Former Tampa City Council and state House member Shawn Harrison has announced he’ll challenge state Sen. Janet Cruz, D-Tampa, in what could become one of the state’s highest-profile 2022 legislative races.
Harrison announced his campaign Monday with the backing of Senate Republican leadership.
The race could be reminiscent of the close 2018 election in which Cruz unseated Republican Dana Young in a recount after what probably was the highest-spending legislative race in state history to that time.
Campaign finance reports and insider estimates from both parties indicated the two sides together spent $12 million or more.
But redistricting has made Cruz’s new District 14 somewhat more favorable to a Democrat.
It covers northwest Hillsborough down through South Tampa, taking in Cruz’s West Tampa stronghold but also much of Harrison’s New Tampa home turf.
The area voted for Joe Biden by 51-47 percent, and for Democrat Andrew Gillum over Gov. Ron DeSantis in 2018 by 52-47 percent, according to figures from political mapping expert Matthew Isbell.
Republicans are likely to believe they can retake the seat in what’s expected to be a tough election year for Democrats, while Democrats are likely to believe they can hold it — a recipe for both sides to spend heavily.
Harrison said 2022 will differ from 2018 because “the two years under Biden have been disappointing and the years under Gov. DeSantis have put Florida in a good position.” He predicted “an excited electorate of Republicans and independents” voting to continue DeSantis’ policies.
Harrison, 57, a commercial litigation lawyer and former Tampa Palms Community Development District chairman, served on the City Council from 1999 to 2007, then had an up-and-down electoral career.
He won his House seat in 2010, lost it in 2012 to Mark Danish, regained it in 2014 but lost it again in 2018 to state Rep. Fentrice Driskell, D-Tampa.
Harrison’s candidacy was announced in a news release endorsing him by Senate President Wilton Simpson, R-Trilby, and the next two incoming Senate presidents, Kathleen Passidomo, R-Naples, and Ben Albritton, R-Wauchula, a sign the party leadership is solidly behind him.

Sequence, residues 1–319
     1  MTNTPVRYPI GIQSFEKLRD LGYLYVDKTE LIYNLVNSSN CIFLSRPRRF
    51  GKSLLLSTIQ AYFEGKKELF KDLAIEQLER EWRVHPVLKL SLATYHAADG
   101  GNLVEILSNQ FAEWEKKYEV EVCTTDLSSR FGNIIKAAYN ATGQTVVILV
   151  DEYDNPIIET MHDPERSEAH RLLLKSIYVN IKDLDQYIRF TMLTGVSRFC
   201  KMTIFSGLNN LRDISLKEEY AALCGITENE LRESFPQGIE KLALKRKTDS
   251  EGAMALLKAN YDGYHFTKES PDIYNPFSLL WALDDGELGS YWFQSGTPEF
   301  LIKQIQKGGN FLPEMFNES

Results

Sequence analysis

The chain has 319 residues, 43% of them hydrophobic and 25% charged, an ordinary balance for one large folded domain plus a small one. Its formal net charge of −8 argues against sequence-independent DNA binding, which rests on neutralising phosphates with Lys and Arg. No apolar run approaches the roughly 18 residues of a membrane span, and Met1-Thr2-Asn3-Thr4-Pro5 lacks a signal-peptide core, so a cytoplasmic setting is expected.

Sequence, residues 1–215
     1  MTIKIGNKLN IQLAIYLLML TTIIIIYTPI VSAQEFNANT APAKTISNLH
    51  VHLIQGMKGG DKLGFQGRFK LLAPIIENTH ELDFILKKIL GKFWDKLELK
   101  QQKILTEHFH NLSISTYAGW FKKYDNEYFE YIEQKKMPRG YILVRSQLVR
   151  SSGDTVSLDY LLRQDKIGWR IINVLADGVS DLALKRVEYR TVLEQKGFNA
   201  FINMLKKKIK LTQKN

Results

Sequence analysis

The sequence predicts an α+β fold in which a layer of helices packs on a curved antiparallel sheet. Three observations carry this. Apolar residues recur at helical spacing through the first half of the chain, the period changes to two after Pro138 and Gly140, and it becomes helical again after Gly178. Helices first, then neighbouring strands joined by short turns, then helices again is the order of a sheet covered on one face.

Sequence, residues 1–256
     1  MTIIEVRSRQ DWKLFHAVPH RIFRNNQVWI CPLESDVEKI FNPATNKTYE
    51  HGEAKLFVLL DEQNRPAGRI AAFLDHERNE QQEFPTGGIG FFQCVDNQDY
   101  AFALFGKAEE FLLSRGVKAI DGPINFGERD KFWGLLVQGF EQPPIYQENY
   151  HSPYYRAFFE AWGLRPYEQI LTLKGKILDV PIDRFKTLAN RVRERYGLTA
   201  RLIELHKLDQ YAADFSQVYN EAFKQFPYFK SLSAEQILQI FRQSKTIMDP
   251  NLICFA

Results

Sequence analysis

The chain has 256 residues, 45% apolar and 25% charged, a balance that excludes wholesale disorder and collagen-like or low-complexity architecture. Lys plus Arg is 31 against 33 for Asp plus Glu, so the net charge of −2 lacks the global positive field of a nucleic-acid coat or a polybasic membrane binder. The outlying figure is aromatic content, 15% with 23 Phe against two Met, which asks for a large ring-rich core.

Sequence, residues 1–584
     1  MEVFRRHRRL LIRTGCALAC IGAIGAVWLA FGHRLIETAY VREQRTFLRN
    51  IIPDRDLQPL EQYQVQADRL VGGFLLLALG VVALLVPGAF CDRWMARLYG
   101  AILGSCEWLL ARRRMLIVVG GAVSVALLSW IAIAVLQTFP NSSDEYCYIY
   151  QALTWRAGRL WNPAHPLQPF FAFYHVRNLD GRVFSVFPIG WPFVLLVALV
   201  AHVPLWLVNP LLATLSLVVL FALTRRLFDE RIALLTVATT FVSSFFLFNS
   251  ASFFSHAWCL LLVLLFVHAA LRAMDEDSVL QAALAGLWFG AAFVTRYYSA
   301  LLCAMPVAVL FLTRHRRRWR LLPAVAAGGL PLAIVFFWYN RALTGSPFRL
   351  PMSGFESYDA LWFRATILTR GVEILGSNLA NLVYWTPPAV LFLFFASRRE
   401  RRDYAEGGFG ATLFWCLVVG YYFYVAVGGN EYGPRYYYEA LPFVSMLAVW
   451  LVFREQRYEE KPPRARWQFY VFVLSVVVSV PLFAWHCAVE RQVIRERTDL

They credited Harrison with cutting taxes while on the City Council.
Cruz, 65, head of an optician business and mother of Ana Cruz, the partner of Tampa Mayor Jane Castor, served in the House from 2010 to 2018 and as minority leader, with statewide fundraising responsibilities, from 2016 to 2018.
Cruz said the district “is still purple, competitive, and (Republicans) will have some interest in taking the seat back.”
But she said she is a prolific fundraiser who has kept up her profile in the district by hosting a large annual jobs fair, free document shredding events, and by raising money to put lead filters on Hillsborough public school water fountains after the Legislature failed to pass her bill to do so statewide.
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“They’re saying it’s a bad year for Democrats, but it’s really about who knows you and what you’ve done for the community,” she said.
Cruz starts the race with about $123,397 in her campaign account and $292,650 in a separate political committee.
Harrison starts with about $94,400 in a political committee.
If early rhetoric is an indication, the race will be tough.
Erin Isaac, spokeswoman for the Florida GOP’s state Senate campaign arm, said the group is “all in” on unseating Cruz, who she said is “stomping on the American dream and pushing a radical socialist agenda that demonizes parents.”
But Ione Townsend, Hillsborough Democratic Party chairman, said Cruz has established herself in the community and is a hard campaigner and fundraiser: “Never discount Janet Cruz.”